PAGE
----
At least one suitable alternative is clear from the record: KAPL could have designed an IRIF with more safeguards against subjectivity, in particular, tests for criticality and flexibility that are less vulnerable to managerial bias. For instance, KAPL's in-house counsel, Richard Correa, spoke to certain managers about certain scores, but his review was far from systematic and appears to have consisted primarily of having a paralegal check the managers' math. A sample of the factors considered in scoring flexibility shows that the criterion was imprecise at best.7 This evidence, combined with Dr. Madden's testimony and KAPL's inadequate response when the criticality and flexibility criteria led to extremely skewed results (see the discussion of willfulness below) could easily have led the jury to conclude that KAPL could have made simple adjustments to the criticality and flexibility criteria that would have led to a nondiscriminatory distribution of layoffs.8


We turn now to KAPL's claim that because Dr. Madden did not rule out other causes, plaintiffs failed to establish that KAPL's facially neutral IRIF policy caused the disparate impact on older workers. This argument misconstrues the role statistics play in a disparate impact analysis. Statistical disparity alone—assuming it is substantial as it was here—raises an inference of causation. Smith, 196 F.3d at 365. The Second Circuit cases that KAPL cites for its argument to the contrary are all disparate treatment cases, not disparate impact cases, and (in part because defendants failed to preserve the Maresco issue) are not relevant to this disparate impact case. See Appellants' Br. at 47 (citing Bickerstaff v. Vassar College, 196 F.3d 435, 445-50 (2d Cir.1999); Hollander v. American Cyanamid Co., 172 F.3d 192, 198 (2d Cir.1999); Raskin v. Wyatt Co., 125 F.3d 55, 60, 68 (2d Cir.1997)).


KAPL also argues that Madden's testimony concerning regression analyses was erroneously admitted and that it prejudiced KAPL. Madden admitted at her deposition that she had not performed any regression analyses. Armed with this admission, defense counsel sought to undermine her direct testimony by asking whether she had performed any regression analyses. She answered that she had.9 On redirect, plaintiffs' counsel asked Madden to describe the analyses she had performed. Over KAPL's objections, the court allowed the testimony but provided that KAPL could recall Madden at a later time and at plaintiffs' expense. Madden then testified that she had found that older workers' performance skills declined disproportionately to those of younger workers between evaluations conducted in 1991 and evaluations conducted in 1995. She also testified that flexibility and criticality scores were much better predictors of who would be laid off than were performance and years of service scores.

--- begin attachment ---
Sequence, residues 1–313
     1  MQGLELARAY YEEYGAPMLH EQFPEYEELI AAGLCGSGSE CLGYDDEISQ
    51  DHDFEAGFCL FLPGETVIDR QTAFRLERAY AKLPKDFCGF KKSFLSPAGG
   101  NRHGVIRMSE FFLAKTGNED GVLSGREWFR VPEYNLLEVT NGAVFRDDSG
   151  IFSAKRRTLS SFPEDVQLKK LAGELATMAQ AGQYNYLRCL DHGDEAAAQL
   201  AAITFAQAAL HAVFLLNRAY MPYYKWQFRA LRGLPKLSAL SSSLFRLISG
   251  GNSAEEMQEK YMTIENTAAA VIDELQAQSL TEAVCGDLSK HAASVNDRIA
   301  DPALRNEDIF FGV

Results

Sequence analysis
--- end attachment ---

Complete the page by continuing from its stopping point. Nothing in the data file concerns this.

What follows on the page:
We review the district court's evidentiary rulings for abuse of discretion, see Wolak v. Spucci, 217 F.3d 157, 161 (2d Cir.2000), and we reverse only if refusal to do so is "inconsistent with substantial justice," Fed.R.Civ.P. 61. Thus, although Federal Rule of Civil Procedure 26(a)(2) requires disclosure and supplementation as needed of expert reports, any non-prejudicial error the district court may have made does not require reversal. The district court gave KAPL a chance to remediate any prejudice by recalling Madden at plaintiffs' expense. Although KAPL chose not to recall Madden, it did offer extensive testimony from its own expert to rebut Madden's conclusions. Therefore, plaintiffs gained no unfair advantage from their partial failure to disclose.


Having addressed KAPL's objections to the jury's disparate impact verdict, we affirm it.


V. The willfulness verdict.


An employee is entitled to liquidated damages equal to his back pay for willful violations of the ADEA. 29 U.S.C. §§ 216(b), 626(b). KAPL challenges the jury's willfulness verdict arguing that (1) it is inconsistent with the jury's finding that KAPL did not intentionally discriminate and (2) in light of KAPL's careful IRIF plan, there was no evidence to support the verdict.


There is no inconsistency in the verdicts. Disparate treatment liability requires that the defendant employer intend to discriminate on the basis of age, Cronin v. Aetna Life Ins. Co. 46 F.3d 196, 204 (2d Cir.1995), while an ADEA violation is willful if the employer "knew or showed reckless disregard for the matter of whether its conduct was prohibited by the statute," Hazen Paper, 507 U.S. at 614, 113 S.Ct. 1701. Given these different standards, a jury could reasonably find both that KAPL did not intentionally discriminate on the basis of age and that it showed reckless disregard for the impact of its IRIF policy on older employees.


We also hold that the jury had sufficient proof of reckless disregard to find willfulness. KAPL's counsel knew that this circuit recognizes a claim for disparate impact under the ADEA. In addition, the IRIF guidelines instructed managers to test for age discrimination by use of the 4/5 test. Geiszler, however, did not use the 4/5 test. Instead, she compared the average age of KAPL's 2000-plus employees before and after the IRIF and found no significant difference. Not only did Madden testify to this method's gross inadequacy, but it is also inconsistent with the methodology we have approved. See Smith, 196 F.3d at 365-66 (approving as methods for judging disparate impact, the four-fifths test and the statistical approach used by Madden).


KAPL knew that its IRIF had affected a disproportionate number of older employees. A reasonable jury could have found that KAPL management's failure to challenge Geiszler's patently inadequate approach evinced a desire not to know that the overwhelming—and overwhelmingly disparate—impact of the IRIF was on older workers, and that KAPL's failure to modify its procedures in the face of this disparity reflected a reckless disregard for whether it had violated the ADEA by implementing a policy with such an impact.